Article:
Buddhism Breaks Apart Essay example

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Buddhism Breaks Apart
Buddhism is the religion of spiritual enlightenment through the suppressing of one’s worldly desires. Buddhism takes one on the path of a spiritual journey, to become one with their soul. It teaches one how to comprehend life’s mysteries, and to cope with them. Founded in 525 B.C. by Siddhartha Gautama; Theravada Buddhism is the first branch of Buddhism; it was a flourishing religion in India before the invasions by the Huns and the Muslims, and Mahayana Buddhism formed due to new locations, it was altered according to local influences. Buddhists believe that Buddha is not a deity, but just an ideal guide to reach enlightenment in order to get closer to God.
Buddha was born of a virgin mother Queen Mayadevi.
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Traveling the world in search of answers Buddha became exhausted and discouraged; Buddha sat down beneath a papal tree, and vowed that he wouldn’t move until he had reached enlightenment. After forty days without food or water, Buddha finally reached an enlightened state. Buddhism was formed in 525 B.C. when Buddha achieved enlightenment.
After obtaining enlightenment, Buddha formed the basic beliefs for his followers. The four noble truths are the early doctrines of Buddhism, Dukhka, Trishna, Nirvana, and Eightfold Path.”(Columbia Electronic Encyclopedia, 6th Edition pg 3)” Enlightenment can only be reached through these steps. When one acknowledges suffering to be a part of life, they learn to deal with pain. If one is, suffering then there is always a reason behind it, namely craving or attachment to material objects. There is a cessation or pause of suffering, and that leads to the eightfold path if one has the right view, intentions, speech, actions, livelihood, effort, mindfulness, and concentration. During the remaining forty-five years, Buddha spent his life traveling teaching others how to gain enlightenment.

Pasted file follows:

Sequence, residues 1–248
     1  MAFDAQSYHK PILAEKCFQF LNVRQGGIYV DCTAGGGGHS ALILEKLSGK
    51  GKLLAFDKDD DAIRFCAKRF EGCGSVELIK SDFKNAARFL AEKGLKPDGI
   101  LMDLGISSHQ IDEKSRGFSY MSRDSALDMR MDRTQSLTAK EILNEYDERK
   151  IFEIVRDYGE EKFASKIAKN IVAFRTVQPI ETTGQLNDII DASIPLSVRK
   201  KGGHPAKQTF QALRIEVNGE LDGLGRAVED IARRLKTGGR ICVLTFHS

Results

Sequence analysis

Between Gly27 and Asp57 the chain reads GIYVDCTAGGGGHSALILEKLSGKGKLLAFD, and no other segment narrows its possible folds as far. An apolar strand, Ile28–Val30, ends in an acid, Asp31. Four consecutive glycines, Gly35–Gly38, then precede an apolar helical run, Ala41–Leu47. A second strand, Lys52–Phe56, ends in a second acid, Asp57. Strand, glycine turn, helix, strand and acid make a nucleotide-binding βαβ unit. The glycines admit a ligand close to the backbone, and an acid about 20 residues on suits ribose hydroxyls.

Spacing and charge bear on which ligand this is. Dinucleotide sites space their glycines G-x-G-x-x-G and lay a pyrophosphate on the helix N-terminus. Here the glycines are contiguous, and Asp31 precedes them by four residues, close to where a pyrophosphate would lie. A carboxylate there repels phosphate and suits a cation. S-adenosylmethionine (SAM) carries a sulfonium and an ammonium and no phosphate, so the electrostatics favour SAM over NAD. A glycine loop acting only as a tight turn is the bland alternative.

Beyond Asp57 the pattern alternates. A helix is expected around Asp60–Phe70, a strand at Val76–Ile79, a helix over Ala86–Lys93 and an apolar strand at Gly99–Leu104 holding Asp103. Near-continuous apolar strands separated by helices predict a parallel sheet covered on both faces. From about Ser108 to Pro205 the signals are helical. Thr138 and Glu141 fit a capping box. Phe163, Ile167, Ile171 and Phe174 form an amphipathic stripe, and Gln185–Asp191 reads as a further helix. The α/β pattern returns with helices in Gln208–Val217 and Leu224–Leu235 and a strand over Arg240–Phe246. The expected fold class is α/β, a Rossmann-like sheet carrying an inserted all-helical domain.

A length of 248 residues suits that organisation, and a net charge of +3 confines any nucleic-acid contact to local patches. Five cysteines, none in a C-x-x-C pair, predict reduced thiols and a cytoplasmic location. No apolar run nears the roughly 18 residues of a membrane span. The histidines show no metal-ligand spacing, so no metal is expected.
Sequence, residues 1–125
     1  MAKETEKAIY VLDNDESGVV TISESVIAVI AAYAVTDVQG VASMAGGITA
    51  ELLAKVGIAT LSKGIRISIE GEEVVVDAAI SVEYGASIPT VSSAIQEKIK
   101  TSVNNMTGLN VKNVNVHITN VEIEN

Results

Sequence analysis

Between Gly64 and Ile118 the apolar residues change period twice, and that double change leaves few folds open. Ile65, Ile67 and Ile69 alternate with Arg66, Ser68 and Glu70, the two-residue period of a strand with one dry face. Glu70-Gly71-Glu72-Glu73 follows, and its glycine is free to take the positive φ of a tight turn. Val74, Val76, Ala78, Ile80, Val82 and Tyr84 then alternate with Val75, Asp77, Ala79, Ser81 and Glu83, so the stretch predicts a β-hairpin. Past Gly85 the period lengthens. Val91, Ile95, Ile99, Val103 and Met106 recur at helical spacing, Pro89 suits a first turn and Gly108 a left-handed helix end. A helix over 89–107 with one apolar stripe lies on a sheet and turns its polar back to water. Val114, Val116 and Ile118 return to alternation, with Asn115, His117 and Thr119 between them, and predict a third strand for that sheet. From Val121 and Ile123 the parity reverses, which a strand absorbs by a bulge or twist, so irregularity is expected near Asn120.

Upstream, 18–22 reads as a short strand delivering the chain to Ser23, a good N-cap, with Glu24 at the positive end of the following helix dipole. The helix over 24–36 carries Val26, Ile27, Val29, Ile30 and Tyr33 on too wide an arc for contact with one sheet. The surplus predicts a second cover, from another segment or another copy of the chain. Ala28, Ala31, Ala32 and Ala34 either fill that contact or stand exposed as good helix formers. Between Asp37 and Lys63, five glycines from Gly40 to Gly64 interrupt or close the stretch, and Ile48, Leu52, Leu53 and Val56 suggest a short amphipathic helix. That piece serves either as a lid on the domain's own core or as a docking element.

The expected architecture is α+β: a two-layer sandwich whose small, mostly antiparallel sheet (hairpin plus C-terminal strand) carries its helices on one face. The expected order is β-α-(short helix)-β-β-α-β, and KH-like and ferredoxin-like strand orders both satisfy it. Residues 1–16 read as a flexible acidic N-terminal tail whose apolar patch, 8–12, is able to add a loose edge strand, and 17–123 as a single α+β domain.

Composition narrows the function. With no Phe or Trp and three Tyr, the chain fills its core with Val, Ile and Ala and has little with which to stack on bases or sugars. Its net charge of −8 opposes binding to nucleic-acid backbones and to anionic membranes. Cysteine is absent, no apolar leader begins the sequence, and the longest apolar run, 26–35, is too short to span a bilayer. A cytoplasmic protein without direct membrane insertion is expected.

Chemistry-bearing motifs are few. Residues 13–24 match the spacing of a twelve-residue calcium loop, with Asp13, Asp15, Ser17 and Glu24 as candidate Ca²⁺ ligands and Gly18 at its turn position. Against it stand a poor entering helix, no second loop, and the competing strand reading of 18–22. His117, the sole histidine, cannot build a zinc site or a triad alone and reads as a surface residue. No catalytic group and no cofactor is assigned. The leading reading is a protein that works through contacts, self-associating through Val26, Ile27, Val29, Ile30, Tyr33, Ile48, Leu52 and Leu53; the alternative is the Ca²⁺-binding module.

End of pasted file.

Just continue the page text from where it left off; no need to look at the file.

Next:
During Buddha’s life, his teachings were recorded orally, and it wasn’t until after his death that the teachings were written down. There was confusion in how accurate the text scriptures were, and so out of the eighteen early Buddhist schools Theravada Buddhism was chosen. The Theravada Buddhist school’s
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